Critical Conspiratorial Thinking

So, someone at Takapuna Grammar has either decided to teach conspiratorial views of history and justify the exercise by claiming that it was all in the aid of teaching Critical Thinking skills or they decided to teach Critical Thinking skills by presenting Conspiracy Theories as rival explanations to the Official View of History. The Herald article on the subject isn’t exactly clear on this.

Let’s assume that the teacher is a good pedagogue and she is trying to instill Critical Thinking skills. Her theory would seem to be that by presenting conspiratorial views of events in history (I am never sure whether I should capitalise ‘history’ or not) we can learn something about, say, what it is to know history or come to have a justified belief about historical claims. Perhaps you want to teach your students something about the Cuban Missile Crisis. Maybe postulating that the Kennedy assassination could have been the work of a shadow government trying to avoid a nuclear firestorm could shed light on the crisis? Or maybe you want to highlight the restrictive nature (in re civil liberties) of the Bush Administration by showing how a staged attack on the Twin Towers could have aided that regime.

The problem with this approach, to my mind, is that you would actually have more success if you focussed on examples of Conspiracy Theories that turned out to be actual Conspiracies, such as the Dewey Commission’s findings on the Moscow Trials. It’s not that I don’t think there is merit to teaching Conspiracy Theories as an aid to developing Critical Thinking; I am developing such a course to be taught in the second half of this year. It’s just that I don’t think that this is an apt method to be teaching History (see, as a subject name it definitely gets a capital ‘H’) in secondary schools.If the teacher in question is trying to teach Conspiracy Theories as history and then using the Critical Thinking card as justification then I think we have a serious issue[1]. Whilst some Conspiracy Theories do accord to actual Conspiracies most do not. We seem rightly dismissive of the conspiracy theoretic worldview because a large section of those things we call Conspiracy Theories are bunk. The selection of Conspiracy Theories this teacher focussed on, the Moon landings, the Holocaust, et cetera, are examples of these patently false Conspiracy Theories. Much time and effort has been spent on showing not just that these rival explanations for events in history are bad explanations but that they are also trumped as explanations by the level of support and justification the standard histories get (not just by way of evidence but also from what we know of the rest of human history (see, if ‘history’ deserves a captical ‘H’ here would that also mean that ‘human’ would get one as well?)).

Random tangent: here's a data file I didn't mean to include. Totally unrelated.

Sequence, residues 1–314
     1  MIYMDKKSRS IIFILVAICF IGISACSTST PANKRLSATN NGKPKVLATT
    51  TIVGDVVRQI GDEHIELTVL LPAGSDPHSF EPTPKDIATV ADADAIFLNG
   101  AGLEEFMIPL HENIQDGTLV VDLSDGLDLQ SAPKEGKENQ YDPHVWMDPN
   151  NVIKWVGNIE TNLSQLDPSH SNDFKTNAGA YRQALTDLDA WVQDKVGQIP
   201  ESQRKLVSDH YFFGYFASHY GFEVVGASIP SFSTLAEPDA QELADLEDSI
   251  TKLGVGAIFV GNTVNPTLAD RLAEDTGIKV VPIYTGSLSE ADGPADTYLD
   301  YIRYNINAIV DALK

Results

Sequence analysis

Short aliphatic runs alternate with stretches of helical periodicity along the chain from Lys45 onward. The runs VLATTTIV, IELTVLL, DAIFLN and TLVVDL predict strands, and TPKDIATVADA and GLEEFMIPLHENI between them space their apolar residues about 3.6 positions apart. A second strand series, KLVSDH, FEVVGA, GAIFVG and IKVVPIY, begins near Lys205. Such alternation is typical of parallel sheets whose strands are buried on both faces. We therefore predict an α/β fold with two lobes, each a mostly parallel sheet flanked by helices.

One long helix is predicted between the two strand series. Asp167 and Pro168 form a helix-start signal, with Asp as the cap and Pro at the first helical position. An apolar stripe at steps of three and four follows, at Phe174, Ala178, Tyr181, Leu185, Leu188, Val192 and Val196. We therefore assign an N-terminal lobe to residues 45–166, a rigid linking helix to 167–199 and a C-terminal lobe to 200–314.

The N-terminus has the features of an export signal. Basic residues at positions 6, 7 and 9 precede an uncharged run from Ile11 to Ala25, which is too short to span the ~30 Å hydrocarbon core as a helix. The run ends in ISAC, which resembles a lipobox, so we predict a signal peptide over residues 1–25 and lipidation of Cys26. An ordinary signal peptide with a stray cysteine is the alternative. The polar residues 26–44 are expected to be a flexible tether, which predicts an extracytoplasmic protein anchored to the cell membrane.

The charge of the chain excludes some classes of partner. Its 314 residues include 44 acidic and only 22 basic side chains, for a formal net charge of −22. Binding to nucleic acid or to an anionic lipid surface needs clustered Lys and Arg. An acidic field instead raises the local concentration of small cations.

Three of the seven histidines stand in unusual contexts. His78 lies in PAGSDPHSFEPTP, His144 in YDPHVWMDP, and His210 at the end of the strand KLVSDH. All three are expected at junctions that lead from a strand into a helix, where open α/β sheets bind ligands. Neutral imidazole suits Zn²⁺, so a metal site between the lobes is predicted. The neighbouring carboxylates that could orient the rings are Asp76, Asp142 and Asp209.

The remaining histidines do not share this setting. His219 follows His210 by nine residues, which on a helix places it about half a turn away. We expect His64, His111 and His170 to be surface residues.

Brian L. Keeley argues that belief in a conspiracy theoretic worldview leads to a form of total scepticism of social data and thus it would lead to scepticism in regards to any historical theories. Keeley’s argument goes something like this; Conspiracy Theories make use of errant data, data contrary to or unaccounted for by the official, non-conspiratorial explanation of the event under examination. This makes Conspiracy Theories look more complete than their rivals. In addition, Conspiracy Theories predict disinformation, data that is contradictory to the Conspiracy Theory. Keeley argues that this means that Conspiracy Theories cannot be falsified and that the claims of Conspiracy Theorists are not prima facie irrational. Any cabal seeking to hide their plot will produce disinformation to support the official view and thus lead people away from their nefarious activities. This move, however, also robs the believer in a given Conspiracy Theory the ability to falsify their own theory. This, Keeley argues, leads to ‘Public Trust Skepticism; because Conspiracy Theories rely on social data the Conspiracy Theorist must doubt the veracity of any such information and be a skeptic in regard to all public information. This is why we, Keeley claims, find Conspiracy Theories so epistemically dubious; buying into a conspiracy theoretic worldview leads to a wholsesale scepticism of well, life, the universe… Everything!